Empowerment and Disability Inclusive Development (EDID) Program Manager, Mrs. Agho Glory has called on all relevant stakeholders in the East, North and Far North Regions of Cameroon to put their hands-on deck to put an end to the exclusion of
children with disabilities out of their communities. She made the call during a two-week supervisory trip that took her and her team to Partner Organizations based in the above-mentioned regions from July 16-30, 2020.
Apart from the usual supervisory trip to assess the level of achievement of planned activities, solve challenges and do reorientations where needed, the team also had as top priority to carry out advocacy meetings with relevant stakeholders in the regions visited to request for the involvement of children, youths and adults with disabilities in all areas of mainstream development as provided by relevant national and international laws. For several decades, children with disabilities have been denied their rights as humans in many parts of the country. This has led to their exclusion from family to community life, depriving humanity from talents that could be explored and exploited for the common good. It is with the understanding that no sustainable development can be achieved with a significant portion of the population left out, that the EDID program embarked on a crusade for inclusion in the East and Northern Regions of the country.
For this noble course to be achieved, the advocacy caravan targeted two types of stakeholders who are at the center of community integration and development: Regional Delegations of Social Affairs and the Councils, drivers of local development as stipulated by the law on decentralization.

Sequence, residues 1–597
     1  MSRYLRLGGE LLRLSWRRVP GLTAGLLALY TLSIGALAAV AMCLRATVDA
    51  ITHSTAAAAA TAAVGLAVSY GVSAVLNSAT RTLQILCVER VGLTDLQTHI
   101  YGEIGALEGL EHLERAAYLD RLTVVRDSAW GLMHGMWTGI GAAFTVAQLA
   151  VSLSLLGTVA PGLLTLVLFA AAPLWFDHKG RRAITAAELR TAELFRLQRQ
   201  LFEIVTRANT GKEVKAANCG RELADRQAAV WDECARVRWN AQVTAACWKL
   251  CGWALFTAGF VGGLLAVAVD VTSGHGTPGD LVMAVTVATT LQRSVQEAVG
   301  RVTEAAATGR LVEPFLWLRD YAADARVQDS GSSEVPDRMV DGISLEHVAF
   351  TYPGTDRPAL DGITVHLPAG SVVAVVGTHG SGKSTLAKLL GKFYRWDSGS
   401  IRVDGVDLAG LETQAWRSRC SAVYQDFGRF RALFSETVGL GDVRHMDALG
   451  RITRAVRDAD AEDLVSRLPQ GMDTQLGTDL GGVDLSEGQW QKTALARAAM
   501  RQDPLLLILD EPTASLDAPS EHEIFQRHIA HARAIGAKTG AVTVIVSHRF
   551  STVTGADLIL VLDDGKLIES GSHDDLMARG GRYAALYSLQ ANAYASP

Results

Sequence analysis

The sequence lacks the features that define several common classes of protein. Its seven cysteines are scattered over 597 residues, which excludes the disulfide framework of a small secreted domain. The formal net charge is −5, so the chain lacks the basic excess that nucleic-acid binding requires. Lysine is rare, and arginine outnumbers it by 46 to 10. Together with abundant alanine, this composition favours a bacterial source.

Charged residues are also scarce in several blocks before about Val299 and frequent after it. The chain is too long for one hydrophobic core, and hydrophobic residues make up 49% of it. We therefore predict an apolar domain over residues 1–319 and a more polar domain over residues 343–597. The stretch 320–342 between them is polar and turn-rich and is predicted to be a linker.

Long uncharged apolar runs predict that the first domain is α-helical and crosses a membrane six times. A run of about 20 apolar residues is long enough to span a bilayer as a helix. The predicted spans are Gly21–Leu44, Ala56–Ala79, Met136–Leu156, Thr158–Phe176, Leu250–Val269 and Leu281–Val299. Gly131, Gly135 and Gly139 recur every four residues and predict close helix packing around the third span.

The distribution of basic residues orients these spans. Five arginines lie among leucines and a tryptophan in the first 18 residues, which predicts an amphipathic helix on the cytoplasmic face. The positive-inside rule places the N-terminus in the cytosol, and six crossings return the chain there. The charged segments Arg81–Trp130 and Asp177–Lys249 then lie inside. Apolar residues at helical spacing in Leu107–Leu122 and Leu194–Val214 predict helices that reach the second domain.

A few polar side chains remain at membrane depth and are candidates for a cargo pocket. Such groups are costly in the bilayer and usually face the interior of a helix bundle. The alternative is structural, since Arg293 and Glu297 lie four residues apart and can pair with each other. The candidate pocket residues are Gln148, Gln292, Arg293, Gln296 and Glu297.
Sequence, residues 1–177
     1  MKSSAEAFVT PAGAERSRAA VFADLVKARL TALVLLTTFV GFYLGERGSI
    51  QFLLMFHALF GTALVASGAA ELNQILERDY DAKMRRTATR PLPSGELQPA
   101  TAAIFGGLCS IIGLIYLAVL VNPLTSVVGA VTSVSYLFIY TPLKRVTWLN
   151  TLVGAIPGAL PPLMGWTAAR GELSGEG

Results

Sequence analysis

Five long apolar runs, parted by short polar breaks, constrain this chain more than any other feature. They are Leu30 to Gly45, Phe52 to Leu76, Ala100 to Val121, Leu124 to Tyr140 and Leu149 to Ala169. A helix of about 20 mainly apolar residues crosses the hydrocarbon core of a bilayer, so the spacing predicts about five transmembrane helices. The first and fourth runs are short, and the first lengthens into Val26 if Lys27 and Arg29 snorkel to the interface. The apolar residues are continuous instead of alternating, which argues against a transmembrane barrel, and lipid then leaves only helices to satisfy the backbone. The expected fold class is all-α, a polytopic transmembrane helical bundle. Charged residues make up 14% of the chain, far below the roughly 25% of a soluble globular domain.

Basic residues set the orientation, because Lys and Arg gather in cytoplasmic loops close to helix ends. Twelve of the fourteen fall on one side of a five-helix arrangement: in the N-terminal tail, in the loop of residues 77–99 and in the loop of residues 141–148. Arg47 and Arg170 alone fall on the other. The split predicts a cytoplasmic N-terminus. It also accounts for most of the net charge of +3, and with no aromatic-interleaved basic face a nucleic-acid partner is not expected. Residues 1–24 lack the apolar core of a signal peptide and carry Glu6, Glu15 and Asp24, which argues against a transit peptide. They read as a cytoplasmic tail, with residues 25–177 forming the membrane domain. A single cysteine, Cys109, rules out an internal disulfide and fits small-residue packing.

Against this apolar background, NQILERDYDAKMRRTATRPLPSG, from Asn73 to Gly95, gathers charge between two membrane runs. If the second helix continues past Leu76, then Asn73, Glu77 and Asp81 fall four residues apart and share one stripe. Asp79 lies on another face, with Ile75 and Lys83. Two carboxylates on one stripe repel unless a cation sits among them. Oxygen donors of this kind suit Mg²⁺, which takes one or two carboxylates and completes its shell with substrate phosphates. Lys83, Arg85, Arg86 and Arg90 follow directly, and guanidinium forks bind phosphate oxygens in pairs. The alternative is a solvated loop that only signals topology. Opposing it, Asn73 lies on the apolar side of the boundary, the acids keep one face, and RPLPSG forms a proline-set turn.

At the Regional Delegations, discussions centered on the various strategies the delegations can employ to provide technical assistance in enhancing the work of the Partner Organizations based in their regions. All the three Regional Delegates of Social Affairs visited were enthusiastic to partner with the EDID Program through her Partner Organizations to ensure that the basic rights of children with disabilities are respected to give them access to opportunities on an equal basis with their peers without disabilities. This, they acknowledged, will require education and sensitization of the populations on the ills of all forms of discriminations against children with disabilities, legal actions where needed, and collaboration with relevant government departments such as education, health, employment and vocational training amongst others at all levels.
A total of five Councils were visited during the supervisory trip including two City Councils of Maroua and Garoua. At each of the Councils, Mrs. Agho Glory justified the visit by government’s prescription in Article 7 of the 2010 Law on the protection and the promotion of persons with disabilities that stipulates that the state, the decentralized collectivities, the civil society and international partners shall work hand in hand to ensure the inclusion of persons with disabilities in mainstream development actions. She observed that the law on decentralization has devolved power to handle issues of local development to the Councils; therefore, it was only proper to knock at their doors to ask that children, youths and adults with disabilities be included in all plans of development in their various municipalities.
Detailing the work of the CBC Health Services in the area of disabilities since 1952, she expressed the organization’s availability to accompany the Councils technically on issues of disability inclusion. While some Councils expressed their readiness to embark on such a win-win partnership, promising to allocate part of their annual budget in the coming years to address issues of inclusion in various sectors of development in their municipalities, others requested for time to go through the draft MoU that was presented to them.
Judging from the enthusiasm of all stakeholders visited to board the inclusion train, it will not be farfetched to assert that the future of children with disabilities will be better in the coming years. The EDID Program Manager thinks this can be achieved if efforts are not relented and every stakeholder keeps the fire of inclusion consistently burning.